File: README.Debian

package info (click to toggle)
gnumed-server 22.15-1
  • links: PTS, VCS
  • area: main
  • in suites: bullseye
  • size: 46,556 kB
  • sloc: sql: 1,217,005; python: 15,469; sh: 1,553; makefile: 20
file content (122 lines) | stat: -rw-r--r-- 3,358 bytes parent folder | download | duplicates (4)
1
2
3
4
5
6
7
8
9
10
11
12
13
14
15
16
17
18
19
20
21
22
23
24
25
26
27
28
29
30
31
32
33
34
35
36
37
38
39
40
41
42
43
44
45
46
47
48
49
50
51
52
53
54
55
56
57
58
59
60
61
62
63
64
65
66
67
68
69
70
71
72
73
74
75
76
77
78
79
80
81
82
83
84
85
86
87
88
89
90
91
92
93
94
95
96
97
98
99
100
101
102
103
104
105
106
107
108
109
110
111
112
113
114
115
116
117
118
119
120
121
122
GNUmed server for Debian
------------------------

This package is needed to run a local GNUmed database but
it does NOT create one out of the box.  It just installs the
SQL files of GNUmed server to /var/lib/gnumed/server.  From
there you have to follow the instructions of the README file
that is provided by the GNUmed authors. Future Debian
packages will try to offer more automatic mechanisms if
possible.

Even without bootstrapping you can use the GNUmed client
with a public database as described in the docs of the
GNUmed client.


Installing the Database
=======================

Make sure that your postgresql server is UTF-8 enabled, eg:

        $ psql -t -d template1 -c "show lc_ctype;"
	de_DE.UTF-8

or some other <lang>.UTF-8 string.

As root call:

	# /usr/sbin/gm-bootstrap_server

Note that this will DESTROY any existing GNUmed
databases you might already have on your server.

Make sure to use the UPGRADE procedure if you want to
upgrade an existing database.


Upgrading the Database
======================

To upgrade your v19 database to the current version 20 database
follow these steps:

1) Make sure all clients are disconnected.

	The upgrade will fail if any client is still connected.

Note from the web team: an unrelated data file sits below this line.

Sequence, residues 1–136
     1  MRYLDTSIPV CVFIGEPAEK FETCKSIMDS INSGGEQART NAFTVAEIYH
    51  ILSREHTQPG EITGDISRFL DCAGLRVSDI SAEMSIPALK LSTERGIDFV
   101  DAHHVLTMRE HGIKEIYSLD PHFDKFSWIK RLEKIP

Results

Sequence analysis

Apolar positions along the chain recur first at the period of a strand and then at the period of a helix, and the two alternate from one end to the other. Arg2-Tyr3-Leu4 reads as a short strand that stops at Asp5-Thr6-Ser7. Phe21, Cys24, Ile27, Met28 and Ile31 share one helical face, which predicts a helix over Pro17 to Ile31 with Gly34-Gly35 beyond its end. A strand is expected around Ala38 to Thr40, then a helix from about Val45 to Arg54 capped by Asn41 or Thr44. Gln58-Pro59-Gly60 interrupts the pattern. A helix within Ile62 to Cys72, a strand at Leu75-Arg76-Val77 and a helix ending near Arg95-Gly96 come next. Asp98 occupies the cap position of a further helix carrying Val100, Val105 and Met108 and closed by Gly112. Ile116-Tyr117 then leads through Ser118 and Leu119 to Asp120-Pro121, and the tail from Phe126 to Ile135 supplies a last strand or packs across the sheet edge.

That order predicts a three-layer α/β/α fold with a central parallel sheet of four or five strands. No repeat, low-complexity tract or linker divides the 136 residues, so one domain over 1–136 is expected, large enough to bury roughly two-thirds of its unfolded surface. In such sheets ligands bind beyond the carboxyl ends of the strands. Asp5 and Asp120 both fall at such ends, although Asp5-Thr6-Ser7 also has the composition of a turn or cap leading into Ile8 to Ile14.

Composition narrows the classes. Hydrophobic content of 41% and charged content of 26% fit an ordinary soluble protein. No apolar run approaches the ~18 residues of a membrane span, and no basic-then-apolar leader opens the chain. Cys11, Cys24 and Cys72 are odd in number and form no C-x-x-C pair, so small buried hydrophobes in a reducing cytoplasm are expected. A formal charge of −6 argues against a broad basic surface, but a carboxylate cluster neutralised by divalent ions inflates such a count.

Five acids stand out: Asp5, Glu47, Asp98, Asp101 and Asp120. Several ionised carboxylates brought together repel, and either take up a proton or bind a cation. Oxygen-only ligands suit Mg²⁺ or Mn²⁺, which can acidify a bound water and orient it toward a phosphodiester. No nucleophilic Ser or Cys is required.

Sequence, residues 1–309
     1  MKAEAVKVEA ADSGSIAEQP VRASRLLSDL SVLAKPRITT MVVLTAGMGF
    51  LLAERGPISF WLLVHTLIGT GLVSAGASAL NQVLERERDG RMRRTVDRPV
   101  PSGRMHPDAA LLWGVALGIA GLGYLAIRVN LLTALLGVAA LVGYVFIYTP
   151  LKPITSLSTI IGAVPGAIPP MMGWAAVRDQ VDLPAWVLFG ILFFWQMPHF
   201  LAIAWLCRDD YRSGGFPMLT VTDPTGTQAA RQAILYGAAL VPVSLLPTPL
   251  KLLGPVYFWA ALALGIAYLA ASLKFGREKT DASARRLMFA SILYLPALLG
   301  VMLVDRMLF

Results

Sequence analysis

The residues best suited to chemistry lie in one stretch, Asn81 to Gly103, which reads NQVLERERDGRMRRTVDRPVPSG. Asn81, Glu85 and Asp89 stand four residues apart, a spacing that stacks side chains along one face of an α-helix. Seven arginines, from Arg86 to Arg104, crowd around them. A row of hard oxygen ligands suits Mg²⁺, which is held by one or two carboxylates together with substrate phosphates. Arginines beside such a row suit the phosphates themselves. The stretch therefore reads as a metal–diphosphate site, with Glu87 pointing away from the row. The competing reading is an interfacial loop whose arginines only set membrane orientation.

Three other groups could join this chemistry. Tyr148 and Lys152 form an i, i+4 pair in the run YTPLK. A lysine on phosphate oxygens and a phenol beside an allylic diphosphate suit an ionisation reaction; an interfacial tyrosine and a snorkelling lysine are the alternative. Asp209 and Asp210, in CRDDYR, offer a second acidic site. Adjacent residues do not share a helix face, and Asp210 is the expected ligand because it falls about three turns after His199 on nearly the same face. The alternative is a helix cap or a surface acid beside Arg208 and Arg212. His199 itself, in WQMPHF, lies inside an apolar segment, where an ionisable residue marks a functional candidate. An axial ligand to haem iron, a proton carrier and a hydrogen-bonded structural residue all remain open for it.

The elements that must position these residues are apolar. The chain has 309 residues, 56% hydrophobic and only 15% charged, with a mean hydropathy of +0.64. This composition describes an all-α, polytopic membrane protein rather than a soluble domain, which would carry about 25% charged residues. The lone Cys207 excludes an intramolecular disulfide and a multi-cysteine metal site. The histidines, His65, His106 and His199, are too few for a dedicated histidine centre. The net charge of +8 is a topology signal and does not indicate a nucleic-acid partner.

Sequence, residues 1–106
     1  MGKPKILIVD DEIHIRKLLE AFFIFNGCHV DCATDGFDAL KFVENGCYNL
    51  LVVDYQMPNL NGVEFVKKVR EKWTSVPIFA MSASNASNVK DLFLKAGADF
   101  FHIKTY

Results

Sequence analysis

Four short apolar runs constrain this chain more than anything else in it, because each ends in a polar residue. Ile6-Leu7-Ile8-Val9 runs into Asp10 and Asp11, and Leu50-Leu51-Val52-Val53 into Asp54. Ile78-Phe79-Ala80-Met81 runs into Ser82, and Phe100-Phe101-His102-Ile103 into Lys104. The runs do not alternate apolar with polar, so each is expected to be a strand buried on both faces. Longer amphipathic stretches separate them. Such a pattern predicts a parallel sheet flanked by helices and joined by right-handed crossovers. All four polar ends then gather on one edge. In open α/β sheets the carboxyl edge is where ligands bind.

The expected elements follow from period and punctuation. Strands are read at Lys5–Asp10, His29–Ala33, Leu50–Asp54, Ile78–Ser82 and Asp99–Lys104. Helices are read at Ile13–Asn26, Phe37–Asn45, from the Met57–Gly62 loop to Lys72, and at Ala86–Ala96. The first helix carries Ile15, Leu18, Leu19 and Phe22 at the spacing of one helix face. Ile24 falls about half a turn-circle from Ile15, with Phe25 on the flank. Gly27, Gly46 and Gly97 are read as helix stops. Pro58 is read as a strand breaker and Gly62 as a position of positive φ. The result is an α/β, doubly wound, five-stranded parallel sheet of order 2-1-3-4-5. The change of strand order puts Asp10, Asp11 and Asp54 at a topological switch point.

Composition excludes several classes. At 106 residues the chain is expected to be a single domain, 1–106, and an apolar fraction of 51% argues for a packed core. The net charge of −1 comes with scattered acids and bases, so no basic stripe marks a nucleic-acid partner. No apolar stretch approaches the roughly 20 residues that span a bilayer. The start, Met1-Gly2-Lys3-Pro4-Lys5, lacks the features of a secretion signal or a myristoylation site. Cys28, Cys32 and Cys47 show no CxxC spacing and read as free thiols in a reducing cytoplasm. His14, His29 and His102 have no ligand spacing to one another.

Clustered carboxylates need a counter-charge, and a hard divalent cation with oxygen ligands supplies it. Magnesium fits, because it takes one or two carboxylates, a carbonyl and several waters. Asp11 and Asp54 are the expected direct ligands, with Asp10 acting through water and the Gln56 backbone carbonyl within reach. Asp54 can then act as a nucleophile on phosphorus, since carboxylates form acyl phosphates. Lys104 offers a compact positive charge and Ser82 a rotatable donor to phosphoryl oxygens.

You can send a message to connected clients via the user interface.

2) Run the upgrade procedure.

	# gm-upgrade_server 19 20

	This can take a long time and require quite some disk space
	if your database is large. Try the "no-backup" option if you
	are ABSOLUTELY SURE you already have an uptodate backup !

	This must be run as root on the database server.

	Remark: If your postgresql server is running on a non default
	        port (5432) you should set the environment variable
	          GM_DB_PORT
	        accordingly.

3) Adjust backend profiles in private .conf files.

	You probably need to adjust the database name of some
	profiles in, say, ~/.gnumed/gnumed.conf.

	Otherwise your clients may try to connect to
	the old database.

4) Adjust your backup procedures.

	You probably need to adjust the database name
	in /etc/gnumed/gnumed-backup.conf.

Accessing the database
======================

You need to add proper permissions for GNUmed users to
/etc/postgresql/<version>/<cluster>/pg_hba.conf .
It is recommended to use the line

local   samerole       +gm-logins	md5

In case of trouble read more in the GNUmed Wiki at
http://wiki.gnumed.de/bin/view/Gnumed/ConfigurePostgreSQL#pg_hba_conf


Configuring daily backups
=========================

Once you installed the database you most probably want to
organize a backup of your data.  The Debian package has
installed a cron job and the details can be adjusted in
/etc/gnumed/gnumed-backup.conf.
Please follow the documentation in that file to do so.


More detailed instructions
==========================

There are more detailed instructions at

   http://wiki.gnumed.de/bin/view/Gnumed/ServerInstallUpgrade

on how to install and upgrade the GNUmed database.


Installing fixups
=================

You can always install any fixups into your database with
gm-fixup_server like so:

        $> gm-fixup_server 20

assuming your database is at version 20. If there are no
fixups to apply it will simply fail without harm. There is
no problem repeating this procedure (unless there is a bug).

 -- Andreas Tille <tille@debian.org>  Mon, 26 Jan 2015 19:55:11 +0100